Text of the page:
Family of titles provides good answers to children's questions about adoption

BOOKS FOR KIDS

June 24, 1994|By Molly Dunham Glassman | Molly Dunham Glassman,Sun Staff Writer

As an adoptive parent, I've bought, borrowed, checked out or at least leafed through just about every children's book that touches on the subject of adoption.

I never considered doing a column on them, though, because just about every adoptive family I know is plugged into a network of friends, parents' organizations and agencies that formally and informally circulates lists of the best titles out there.

Then a friend from work came over for a party. It was the first time his kids had met my daughter, who is East Indian, and on their way home they asked about adoption.

So it hit me: Even though adoptive families are familiar with many of the following books, many others touched by adoption might want to be introduced to a title or two.

* "Tell Me a Real Adoption Story," by Betty Jean Lifton, illustrated by Claire A. Nivola (Knopf, $13, 40 pages, ages 4-8) is a new book that is quickly earning a place among the classics in the field. Betty Jean Lifton is an adoptee who has written adult books on the psychology of adoption and has worked as an adoption counselor.

Through a dialogue between child and mother, she tells the story of an open adoption -- the parents meet the birthmother and visit her in the hospital before taking the baby home, though there is little contact afterward -- and addresses questions all kids have about adoption.

Where is my other mommy now?

I'm not sure.

I wonder if she ever thinks of me.

I'll bet she does. Do you ever think about her?

Sometimes. Why couldn't she take care of me?

She wanted to. But it wasn't possible for her or your other daddy.

Why not?

Maybe someday you can ask her.

On the back cover, the author suggests ways parents can use this story as a starting point to tell their own child's story. Most important, it lets adoptees know that it's OK to ask questions, even when their parents don't have all the answers.

* "Adoption Is for Always," by Linda Walvoord Girard, illustrations by Judith Friedman (Albert Whitman & Company, $4.95, 32 pages, ages 5-9) shows the denial, anger and sadness that a young girl named Celia works her way through when she's old enough to grasp what being adopted means.

She wants only one mommy and daddy. Being adopted makes her feel different. She wonders why her birthparents didn't keep her -- was she a bad baby, or an ugly one? She acts out, and when her mother disciplines her, Celia yells: "I don't like you. You're not beautiful like my real mommy."

Celia's parents handle it all perfectly, reassuring her that her birthparents must have loved her, that babies who are placed for adoption have done nothing wrong and that she will be their daughter forever, no matter what.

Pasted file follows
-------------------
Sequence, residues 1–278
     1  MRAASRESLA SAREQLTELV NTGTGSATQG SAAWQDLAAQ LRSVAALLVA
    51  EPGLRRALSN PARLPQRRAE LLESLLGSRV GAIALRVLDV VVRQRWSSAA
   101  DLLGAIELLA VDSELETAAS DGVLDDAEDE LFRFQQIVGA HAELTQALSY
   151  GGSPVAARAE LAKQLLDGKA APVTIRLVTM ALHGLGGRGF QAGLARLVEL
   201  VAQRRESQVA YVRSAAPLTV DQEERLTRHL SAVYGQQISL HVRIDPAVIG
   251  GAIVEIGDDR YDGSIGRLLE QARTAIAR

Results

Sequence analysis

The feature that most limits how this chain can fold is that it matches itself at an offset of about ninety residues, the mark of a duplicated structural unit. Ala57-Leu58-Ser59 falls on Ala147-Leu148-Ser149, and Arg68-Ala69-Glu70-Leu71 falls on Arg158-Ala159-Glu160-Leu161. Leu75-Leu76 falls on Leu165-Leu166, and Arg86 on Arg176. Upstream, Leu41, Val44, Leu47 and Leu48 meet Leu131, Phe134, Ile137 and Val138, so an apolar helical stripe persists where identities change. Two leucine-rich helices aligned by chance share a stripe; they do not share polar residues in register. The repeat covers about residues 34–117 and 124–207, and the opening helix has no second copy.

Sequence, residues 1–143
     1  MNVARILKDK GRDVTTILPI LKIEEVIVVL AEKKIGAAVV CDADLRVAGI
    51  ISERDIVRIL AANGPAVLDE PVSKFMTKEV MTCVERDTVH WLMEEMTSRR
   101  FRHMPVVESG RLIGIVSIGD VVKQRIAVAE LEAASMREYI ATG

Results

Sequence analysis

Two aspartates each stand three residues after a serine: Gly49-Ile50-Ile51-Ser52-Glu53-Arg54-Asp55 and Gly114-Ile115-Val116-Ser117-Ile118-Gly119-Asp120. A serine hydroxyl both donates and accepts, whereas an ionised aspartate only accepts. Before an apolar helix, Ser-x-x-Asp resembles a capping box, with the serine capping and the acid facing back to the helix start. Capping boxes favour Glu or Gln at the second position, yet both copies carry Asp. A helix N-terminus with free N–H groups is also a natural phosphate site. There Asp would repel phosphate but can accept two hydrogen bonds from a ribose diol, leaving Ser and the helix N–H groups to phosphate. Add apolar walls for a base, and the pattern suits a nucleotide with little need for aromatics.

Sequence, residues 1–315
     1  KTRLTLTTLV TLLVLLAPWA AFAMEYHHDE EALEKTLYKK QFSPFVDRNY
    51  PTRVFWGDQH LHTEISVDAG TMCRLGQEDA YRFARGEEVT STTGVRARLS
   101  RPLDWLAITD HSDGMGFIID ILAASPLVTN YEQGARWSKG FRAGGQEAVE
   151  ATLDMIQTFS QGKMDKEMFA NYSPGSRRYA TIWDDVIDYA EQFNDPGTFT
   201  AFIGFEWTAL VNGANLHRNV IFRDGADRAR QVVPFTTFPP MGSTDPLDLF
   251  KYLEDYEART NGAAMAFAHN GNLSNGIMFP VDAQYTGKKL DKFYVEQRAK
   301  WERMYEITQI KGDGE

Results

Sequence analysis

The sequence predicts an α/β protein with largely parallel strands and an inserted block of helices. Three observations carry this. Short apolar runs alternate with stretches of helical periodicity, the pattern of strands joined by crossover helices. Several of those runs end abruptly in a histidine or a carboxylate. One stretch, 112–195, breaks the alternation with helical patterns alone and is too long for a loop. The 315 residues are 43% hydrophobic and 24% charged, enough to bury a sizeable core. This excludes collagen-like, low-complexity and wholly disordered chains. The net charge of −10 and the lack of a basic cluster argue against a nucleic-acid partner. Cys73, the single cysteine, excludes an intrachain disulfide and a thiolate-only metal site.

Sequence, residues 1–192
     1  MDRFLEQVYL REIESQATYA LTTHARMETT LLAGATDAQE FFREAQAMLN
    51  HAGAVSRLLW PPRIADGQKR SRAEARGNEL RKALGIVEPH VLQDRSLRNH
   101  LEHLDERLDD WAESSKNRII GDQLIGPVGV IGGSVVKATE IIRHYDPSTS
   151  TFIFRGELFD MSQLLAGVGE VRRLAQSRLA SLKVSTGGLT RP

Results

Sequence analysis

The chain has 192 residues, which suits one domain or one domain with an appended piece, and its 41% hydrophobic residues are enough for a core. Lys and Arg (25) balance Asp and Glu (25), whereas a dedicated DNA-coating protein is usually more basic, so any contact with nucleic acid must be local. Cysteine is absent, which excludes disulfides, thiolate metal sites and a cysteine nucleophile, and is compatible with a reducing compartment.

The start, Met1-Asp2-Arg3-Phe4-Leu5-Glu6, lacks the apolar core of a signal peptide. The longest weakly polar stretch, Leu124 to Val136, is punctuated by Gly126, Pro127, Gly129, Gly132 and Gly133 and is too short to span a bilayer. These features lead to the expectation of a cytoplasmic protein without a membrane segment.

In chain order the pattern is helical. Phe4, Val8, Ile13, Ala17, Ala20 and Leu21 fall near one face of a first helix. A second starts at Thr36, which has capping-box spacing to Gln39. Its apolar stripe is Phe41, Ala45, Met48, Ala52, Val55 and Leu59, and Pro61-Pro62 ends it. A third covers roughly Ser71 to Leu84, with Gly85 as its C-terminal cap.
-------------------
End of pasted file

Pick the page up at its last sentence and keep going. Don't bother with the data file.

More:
* "Susan and Gordon Adopt a Baby," based on Sesame Street television scripts by Judy Freudberg and Tony Geiss, illustrated by Joe Mathieu (Random House, $5.99, 22 pages, ages 2-6) is back in print, much to the delight of parents and preschool teachers. In addition to introducing the subject of adoption, it deals with an older sibling's rivalry with a new arrival.

* "Through Moon and Stars and Night Skies," by Ann Turner, pictures by James Graham Hale (HarperTrophy paperback, $4.95, 32 pages, ages 4-8) is about a boy of about 2 who leaves an orphanage in Asia and is escorted on a plane to America, where he meets his mom and dad at the airport. The pen-and-ink and watercolor illustrations are as gentle as the text.

* "Abby" by Jeannette Caines, pictures by Steven Kellogg (Harper Trophy, $4.95, 32 pages, ages 4-8) stars an African-American family that includes Abby, who was adopted when she was 1. Abby loves looking at her baby book, and when her older brother doesn't have time to read it with her, she cries. Sorry that he hurt her feelings, Kevin shares the book, and plenty of affection, with his little sister.

* "A Forever Family: A Child's Story about Adoption," story and pictures by Roslyn Banish, with Jennifer Jordan-Wong (Harper, $4.95, 44 pages, ages 5-8) is a wonderful first-person account by Ms. Jordan-Wong, who was adopted when she was 7. In simple words accompanied by plenty of black-and-white photos, she talks of her two foster families and her new, permanent, extended family.

* "How It Feels to Be Adopted," by Jill Krementz (Knopf paperback, $7.95, 107 pages, ages 10 and up) is one of Ms. Krementz's finest efforts. She gets 19 boys and girls, ages 8 to 16, to open up in essays about their frustration and anger, about the fears and dreams that adoptees share. When your teen-agers stop talking to you, slip them this book and maybe they won't feel so alone.

These and plenty of other adoption books are available by mail through various sources, including:

* Tapestry Books of Ringoes, N.J., puts out an adoption book catalog that is one of the most extensive around. To order a free copy, call (800) 765-2367.

* The Heritage Key catalog specializes in multicultural books and toys, but also has a section on adoption books. For a copy, write The Heritage Key Inc., 6102 E. Mescal, Scottsdale, Ariz. 85254 or call (602) 483-3313.

* Families Adopting Children Everywhere (FACE) includes an order form for dozens of books at the back of its magazine, FACE Facts. For information, call (410) 488-2656 or write: FACE Inc., P.O. Box 28058, Northwood Station, Baltimore 21239.

* OURS: The Magazine of Adoptive Families also has an impressive mail-order selection at the back of each issue. Call Adoptive Families of America at (800) 372-3300 for a catalog of books and other parenting resources, a free how-to-adopt guide and copy of OURS -- all free.

Baltimore Sun Articles
|
|
|
Please note the green-lined linked article text has been applied commercially without any involvement from our newsroom editors, reporters or any other editorial staff.